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Friday, November 22, 2013

Arthur Delaney: David Vitter's Food Stamp Felon Ban Would Barely Save Any Money



For those of you who have been following this blog since it began in July you know there are multiple Farm Bills banning those convicted of sexual crimes from receiving Food Stamps /SNAP benefits  and they are high on my priority list. All the different bill versions, originated with the "Vitter Amendment".

Here are those posts 

October 23, 2013:          http://goo.gl/tnEJml
October 12, 2013:          http://goo.gl/2quusF
September 20, 2013:   http://goo.gl/ZPXS9a
July 3, 2013:                    http://goo.gl/vqqDrg 

Yesterday an article about the hateful Vitter amendment was published and I wanted to share it with all of you, see below.

Mary Devoy 

David Vitter's Food Stamp Felon Ban Would Barely Save Any Money
By Arthur Delaney   November 21, 2013

WASHINGTON -- When Sen. David Vitter introduced legislation banning convicted rapists, murderers and pedophiles from receiving food stamps, the Louisiana Republican suggested convicts had soaked the system for millions.  

But just how much in food stamps is currently going to these felons? This week the Congressional Budget Office has an answer: not too much, at least in the grand scheme of food stamp spending.

The CBO says that banning the cons Vitter wants banned would reduce Supplemental Nutrition Assistance Program spending by just $5 million next year, or six-tenths of a percent of overall SNAP spending. The budget office isn't sure if Vitter meant to ban people who have already been convicted of those crimes or only new convicts going forward. The latter option, which House Republicans included in their separate food stamp legislation, would save $21 million over the standard 10-year budget window, or slightly more than two-tenths of a percent of $764 billion in projected SNAP spending.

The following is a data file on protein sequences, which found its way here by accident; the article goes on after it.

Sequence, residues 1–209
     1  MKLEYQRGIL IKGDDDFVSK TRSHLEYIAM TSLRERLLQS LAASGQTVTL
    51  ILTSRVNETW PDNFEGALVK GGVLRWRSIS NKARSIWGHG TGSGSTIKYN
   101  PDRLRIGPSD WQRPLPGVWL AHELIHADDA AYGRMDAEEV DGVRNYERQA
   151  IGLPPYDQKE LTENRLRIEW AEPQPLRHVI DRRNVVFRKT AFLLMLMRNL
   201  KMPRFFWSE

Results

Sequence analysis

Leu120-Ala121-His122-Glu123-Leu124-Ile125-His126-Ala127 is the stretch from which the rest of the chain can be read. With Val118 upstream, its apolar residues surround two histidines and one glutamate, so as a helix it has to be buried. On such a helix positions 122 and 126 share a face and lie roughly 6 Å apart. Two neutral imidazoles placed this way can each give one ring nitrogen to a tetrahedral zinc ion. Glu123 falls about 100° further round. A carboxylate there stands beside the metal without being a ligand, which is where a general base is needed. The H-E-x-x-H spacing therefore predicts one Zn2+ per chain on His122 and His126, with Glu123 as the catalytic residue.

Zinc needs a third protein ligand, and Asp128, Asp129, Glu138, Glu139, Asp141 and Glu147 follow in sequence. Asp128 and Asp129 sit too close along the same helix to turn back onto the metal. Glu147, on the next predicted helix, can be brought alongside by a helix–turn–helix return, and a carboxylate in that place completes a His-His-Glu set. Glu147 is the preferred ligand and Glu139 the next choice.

Vitter suggested that more money would be saved when he promoted his measure. In a press release, Vitter's office said Louisiana sent more than $1 million worth of food stamps to incarcerated criminals in just two years, which would be about 4 percent of state benefits distributed in that time period 

But Vitter's legislation doesn't address the problem pointed out in his press release. Federal law already bans prisoners from receiving SNAP benefits. His amendment, meanwhile, would ban convicts even after they've served their time, since it requires food stamp applicants to certify in writing that they've never been convicted of the listed felonies. The senator hasn't explained why he thinks ex-cons shouldn't get food stamps.  

Federal law currently bans convicted drug felons from SNAP, but most states waive the prohibition. They'd have no such flexibility to waive Vitter's proposal. On a similar front, House Republicans want to give states new power to require food stamp recipients to submit to drug tests. Democrats say they don't like the idea, but aren't making a huge fuss about it.